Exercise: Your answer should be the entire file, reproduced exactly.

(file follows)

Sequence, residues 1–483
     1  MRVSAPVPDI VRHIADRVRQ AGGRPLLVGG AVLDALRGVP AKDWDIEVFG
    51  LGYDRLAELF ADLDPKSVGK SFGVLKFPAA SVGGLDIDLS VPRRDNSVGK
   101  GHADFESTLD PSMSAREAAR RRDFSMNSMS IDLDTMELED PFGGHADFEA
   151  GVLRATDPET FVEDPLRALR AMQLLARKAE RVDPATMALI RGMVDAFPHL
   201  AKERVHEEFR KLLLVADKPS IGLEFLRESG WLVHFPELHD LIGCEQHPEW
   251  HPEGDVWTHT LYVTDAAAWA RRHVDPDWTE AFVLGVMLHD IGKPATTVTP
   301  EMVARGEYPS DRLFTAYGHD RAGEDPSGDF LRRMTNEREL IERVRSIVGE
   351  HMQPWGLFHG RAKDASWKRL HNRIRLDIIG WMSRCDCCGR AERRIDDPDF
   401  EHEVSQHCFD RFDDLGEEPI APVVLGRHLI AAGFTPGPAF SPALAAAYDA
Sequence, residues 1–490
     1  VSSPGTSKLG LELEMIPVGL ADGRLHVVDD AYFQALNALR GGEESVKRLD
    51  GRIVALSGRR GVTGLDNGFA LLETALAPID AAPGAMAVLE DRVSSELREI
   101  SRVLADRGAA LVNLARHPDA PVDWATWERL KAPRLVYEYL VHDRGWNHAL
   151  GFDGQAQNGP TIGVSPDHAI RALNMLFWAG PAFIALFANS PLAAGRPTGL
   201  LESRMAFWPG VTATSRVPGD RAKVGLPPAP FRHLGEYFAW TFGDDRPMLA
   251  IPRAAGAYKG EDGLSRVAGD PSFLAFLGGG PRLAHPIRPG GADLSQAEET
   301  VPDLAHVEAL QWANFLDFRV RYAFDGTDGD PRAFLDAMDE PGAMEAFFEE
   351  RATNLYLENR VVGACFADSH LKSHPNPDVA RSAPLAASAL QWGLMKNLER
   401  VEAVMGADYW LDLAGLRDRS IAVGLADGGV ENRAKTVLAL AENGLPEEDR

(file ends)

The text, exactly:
Sequence, residues 1–483
     1  MRVSAPVPDI VRHIADRVRQ AGGRPLLVGG AVLDALRGVP AKDWDIEVFG
    51  LGYDRLAELF ADLDPKSVGK SFGVLKFPAA SVGGLDIDLS VPRRDNSVGK
   101  GHADFESTLD PSMSAREAAR RRDFSMNSMS IDLDTMELED PFGGHADFEA
   151  GVLRATDPET FVEDPLRALR AMQLLARKAE RVDPATMALI RGMVDAFPHL
   201  AKERVHEEFR KLLLVADKPS IGLEFLRESG WLVHFPELHD LIGCEQHPEW
   251  HPEGDVWTHT LYVTDAAAWA RRHVDPDWTE AFVLGVMLHD IGKPATTVTP
   301  EMVARGEYPS DRLFTAYGHD RAGEDPSGDF LRRMTNEREL IERVRSIVGE
   351  HMQPWGLFHG RAKDASWKRL HNRIRLDIIG WMSRCDCCGR AERRIDDPDF
   401  EHEVSQHCFD RFDDLGEEPI APVVLGRHLI AAGFTPGPAF SPALAAAYDA
Sequence, residues 1–490
     1  VSSPGTSKLG LELEMIPVGL ADGRLHVVDD AYFQALNALR GGEESVKRLD
    51  GRIVALSGRR GVTGLDNGFA LLETALAPID AAPGAMAVLE DRVSSELREI
   101  SRVLADRGAA LVNLARHPDA PVDWATWERL KAPRLVYEYL VHDRGWNHAL
   151  GFDGQAQNGP TIGVSPDHAI RALNMLFWAG PAFIALFANS PLAAGRPTGL
   201  LESRMAFWPG VTATSRVPGD RAKVGLPPAP FRHLGEYFAW TFGDDRPMLA
   251  IPRAAGAYKG EDGLSRVAGD PSFLAFLGGG PRLAHPIRPG GADLSQAEET
   301  VPDLAHVEAL QWANFLDFRV RYAFDGTDGD PRAFLDAMDE PGAMEAFFEE
   351  RATNLYLENR VVGACFADSH LKSHPNPDVA RSAPLAASAL QWGLMKNLER
   401  VEAVMGADYW LDLAGLRDRS IAVGLADGGV ENRAKTVLAL AENGLPEEDR